July/August 2017

July/August 2017


July 3, 2017

July/August 2017

Out now

As the hectic art calendar decelerates north of the equator, the July/August issue of ArtAsiaPacific spotlights artists who methodically capture the subtle aspects of time and place that constitute personal and collective memory.

We begin with a cover Feature on conceptual photographer Kunié Sugiura. AAP editor-at-large HG Masters visits Sugiura’s Chinatown studio in New York and walks us through her career beginning in the early 1960s when she left Japan for the United States. After studying at the Art Institute of Chicago and then moving to New York, she began photographing everyday life—primarily the streets, buildings, parks, pets and friends surrounding her—although many details are unidentifiable.

London-based Rana Begum also finds inspiration and transience in the urban environment. AAP‘s London desk editor Ned Carter Miles spoke to Begum in her studio about her vibrantly hued paintings, sculptures and public installations. While evocative of fleeting moments in the city, most of Begum’s work also references her childhood in Bangladesh.

In Guangzhou, Centre Pompidou’s curator of the contemporary and prospective creation department Yung Ma sat down with video artist Zhou Tao to discuss his elusively meditative practice. At first glance, the 41-year-old artist’s more recent work, including that which debuted at this year’s Venice Biennale, appears as video documentation of ordinary life captured during Zhou’s international artist residencies or exhibitions around the world. He then stitches the footage together to create a seamless, familiar yet otherworldly atmosphere.

In our special feature Inside Burger Collection, Isa Cossement interviews Belgian conceptual artist Kris Martin, who makes indistinct modifications to found objects, exploring universal issues of the human condition.

For Essays, AAP contributing editor Antony Dapiran ponders the fate of Hong Kong as the city marks the 20th anniversary of the British-Chinese handover, and argues that the last two decades of debates and actions have been a boon for the city’s creative class.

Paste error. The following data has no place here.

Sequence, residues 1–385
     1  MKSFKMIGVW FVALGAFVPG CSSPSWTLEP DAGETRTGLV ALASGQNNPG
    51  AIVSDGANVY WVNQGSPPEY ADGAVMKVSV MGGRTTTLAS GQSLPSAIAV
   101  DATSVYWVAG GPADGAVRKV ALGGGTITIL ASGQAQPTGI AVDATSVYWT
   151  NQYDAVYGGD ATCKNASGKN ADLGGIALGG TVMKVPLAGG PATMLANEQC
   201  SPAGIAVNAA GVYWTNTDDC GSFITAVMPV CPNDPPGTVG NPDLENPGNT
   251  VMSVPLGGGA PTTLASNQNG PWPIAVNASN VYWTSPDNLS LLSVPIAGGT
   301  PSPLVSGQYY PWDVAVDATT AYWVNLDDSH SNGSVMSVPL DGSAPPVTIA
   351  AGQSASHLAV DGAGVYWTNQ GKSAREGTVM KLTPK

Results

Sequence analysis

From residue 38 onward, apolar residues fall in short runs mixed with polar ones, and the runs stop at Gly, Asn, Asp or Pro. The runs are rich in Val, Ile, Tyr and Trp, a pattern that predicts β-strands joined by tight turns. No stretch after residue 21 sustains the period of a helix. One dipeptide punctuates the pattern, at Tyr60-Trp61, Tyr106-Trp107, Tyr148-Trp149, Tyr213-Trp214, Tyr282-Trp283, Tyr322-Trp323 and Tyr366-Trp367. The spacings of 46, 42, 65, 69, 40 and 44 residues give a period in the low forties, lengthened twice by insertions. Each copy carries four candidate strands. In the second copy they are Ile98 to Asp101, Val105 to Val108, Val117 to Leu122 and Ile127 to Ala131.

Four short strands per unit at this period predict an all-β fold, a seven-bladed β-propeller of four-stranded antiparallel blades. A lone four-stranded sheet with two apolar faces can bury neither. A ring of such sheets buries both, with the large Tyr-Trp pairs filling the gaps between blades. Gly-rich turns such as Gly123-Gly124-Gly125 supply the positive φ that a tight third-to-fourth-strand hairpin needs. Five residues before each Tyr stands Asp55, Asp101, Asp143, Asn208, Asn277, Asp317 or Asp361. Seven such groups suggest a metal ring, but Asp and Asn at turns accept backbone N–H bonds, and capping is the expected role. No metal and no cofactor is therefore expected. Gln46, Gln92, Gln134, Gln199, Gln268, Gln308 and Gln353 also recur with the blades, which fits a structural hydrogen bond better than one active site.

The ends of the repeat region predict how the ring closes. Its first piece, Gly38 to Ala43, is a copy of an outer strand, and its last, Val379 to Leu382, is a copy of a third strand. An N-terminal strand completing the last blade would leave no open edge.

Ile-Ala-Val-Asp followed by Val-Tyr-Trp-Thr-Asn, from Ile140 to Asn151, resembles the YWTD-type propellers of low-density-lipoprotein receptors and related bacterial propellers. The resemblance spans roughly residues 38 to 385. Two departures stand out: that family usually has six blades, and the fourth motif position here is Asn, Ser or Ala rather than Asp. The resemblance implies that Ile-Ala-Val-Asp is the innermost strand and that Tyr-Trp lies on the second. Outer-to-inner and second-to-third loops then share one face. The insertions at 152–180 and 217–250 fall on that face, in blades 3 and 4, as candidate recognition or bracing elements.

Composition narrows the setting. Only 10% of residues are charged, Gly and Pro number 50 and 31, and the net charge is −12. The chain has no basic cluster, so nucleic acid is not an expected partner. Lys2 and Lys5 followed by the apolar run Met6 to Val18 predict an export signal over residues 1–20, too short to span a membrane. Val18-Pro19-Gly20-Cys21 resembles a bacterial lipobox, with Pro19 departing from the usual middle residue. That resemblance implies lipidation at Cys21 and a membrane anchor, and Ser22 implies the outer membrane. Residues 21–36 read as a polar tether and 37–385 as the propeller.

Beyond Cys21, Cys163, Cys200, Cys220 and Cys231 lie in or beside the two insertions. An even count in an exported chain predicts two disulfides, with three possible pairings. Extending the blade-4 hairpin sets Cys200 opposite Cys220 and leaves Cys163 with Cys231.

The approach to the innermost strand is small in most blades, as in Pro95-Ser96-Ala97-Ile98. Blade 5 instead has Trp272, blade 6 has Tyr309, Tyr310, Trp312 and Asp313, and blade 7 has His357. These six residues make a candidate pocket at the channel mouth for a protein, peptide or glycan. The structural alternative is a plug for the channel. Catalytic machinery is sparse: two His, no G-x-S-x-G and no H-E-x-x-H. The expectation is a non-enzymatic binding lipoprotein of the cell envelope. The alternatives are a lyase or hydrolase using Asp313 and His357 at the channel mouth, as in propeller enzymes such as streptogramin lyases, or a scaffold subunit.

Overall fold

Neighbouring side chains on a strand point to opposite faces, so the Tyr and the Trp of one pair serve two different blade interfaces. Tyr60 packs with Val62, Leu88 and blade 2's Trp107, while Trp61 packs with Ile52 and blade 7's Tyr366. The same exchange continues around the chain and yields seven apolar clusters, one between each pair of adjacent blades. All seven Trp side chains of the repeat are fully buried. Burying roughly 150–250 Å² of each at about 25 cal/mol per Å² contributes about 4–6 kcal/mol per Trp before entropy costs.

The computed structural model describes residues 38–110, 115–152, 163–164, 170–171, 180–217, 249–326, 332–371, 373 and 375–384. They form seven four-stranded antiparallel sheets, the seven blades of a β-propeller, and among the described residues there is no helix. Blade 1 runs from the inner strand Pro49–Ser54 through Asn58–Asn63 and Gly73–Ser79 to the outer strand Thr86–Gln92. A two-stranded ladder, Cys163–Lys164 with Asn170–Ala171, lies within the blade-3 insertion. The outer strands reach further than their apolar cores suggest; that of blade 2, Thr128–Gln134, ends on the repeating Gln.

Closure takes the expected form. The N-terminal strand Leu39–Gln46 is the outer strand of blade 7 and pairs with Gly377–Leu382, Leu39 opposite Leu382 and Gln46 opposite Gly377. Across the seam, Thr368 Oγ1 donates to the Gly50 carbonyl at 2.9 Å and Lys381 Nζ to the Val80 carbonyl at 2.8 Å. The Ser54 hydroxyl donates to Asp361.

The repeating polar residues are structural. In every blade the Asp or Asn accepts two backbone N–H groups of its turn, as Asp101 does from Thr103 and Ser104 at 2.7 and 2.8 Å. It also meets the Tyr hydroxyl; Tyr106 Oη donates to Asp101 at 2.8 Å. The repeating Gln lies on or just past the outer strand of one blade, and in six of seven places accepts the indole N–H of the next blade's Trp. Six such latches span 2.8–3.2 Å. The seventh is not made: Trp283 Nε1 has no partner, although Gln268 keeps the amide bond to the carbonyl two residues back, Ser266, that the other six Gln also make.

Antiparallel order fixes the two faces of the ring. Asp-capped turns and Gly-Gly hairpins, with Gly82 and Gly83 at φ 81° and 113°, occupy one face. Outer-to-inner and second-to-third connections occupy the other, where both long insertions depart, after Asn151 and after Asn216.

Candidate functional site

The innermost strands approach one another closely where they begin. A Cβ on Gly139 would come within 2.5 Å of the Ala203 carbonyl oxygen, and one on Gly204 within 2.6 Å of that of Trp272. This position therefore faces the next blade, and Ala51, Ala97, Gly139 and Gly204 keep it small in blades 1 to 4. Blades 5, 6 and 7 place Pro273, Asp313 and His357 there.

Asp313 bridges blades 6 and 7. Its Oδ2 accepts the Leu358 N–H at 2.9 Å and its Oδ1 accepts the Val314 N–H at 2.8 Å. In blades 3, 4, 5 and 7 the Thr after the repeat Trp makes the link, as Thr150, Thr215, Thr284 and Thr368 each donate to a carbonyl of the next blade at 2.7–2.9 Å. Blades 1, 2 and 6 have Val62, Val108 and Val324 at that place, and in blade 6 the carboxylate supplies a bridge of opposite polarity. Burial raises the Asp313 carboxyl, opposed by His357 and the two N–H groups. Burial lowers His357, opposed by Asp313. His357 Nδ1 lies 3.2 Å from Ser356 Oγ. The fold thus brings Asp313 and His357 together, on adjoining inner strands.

This issue’s Profiles include Brisbane-based kinetic sound artist Ross Manning and rising Filipino star Cian Dayrit. We also introduce Ian Holliday, Hong Kong University’s vice president and pro-vice-chancellor, who is slowly amassing a major collection of Burmese contemporary art, currently comprising more than 1,000 paintings.

In One on One, the minimalist artist and public intellectual Rasheed Araeen—whose work can be seen at this year’s Documenta 14 in Kassel and Athens, as well as the Venice Biennale—reflects on the exhilarating experience of discovering an unknown work by British modernist Anthony Caro in the sculpture garden of the Museum of Modern Art in New York in 1985. For The Point, Shireen Atassi, director of the Atassi Foundation for Arts and Culture in the United Arab Emirates, articulates her family’s vision as art patrons. From the vantage point of Syria and West Asia, she writes: “By creating the Foundation, we were no longer passive, but active initiators in maintaining the collective memory of artistic production in Syria.”

Reviews include 2 or 3 Tigers at Haus der Kulturen der Welt in Berlin, Ian Cheng‘s Emissaries at MoMA PS1 in New York, and more. In Where I Work, AAP managing editor Ysabelle Cheung heads to Hong Kong’s New Territories to visit the studio of painter Firenze Lai on the eve of dispatching her melancholic, dreamlike paintings to Venice’s Central Pavilion in the Giardini. Like the work of other artists featured in this issue, the spare simplicity of Lai’s anonymous portraits is stripped of details revealing who we are. Instead, we see that it is these indistinct nuances of our immediate environment that help us understand our own place in the world.

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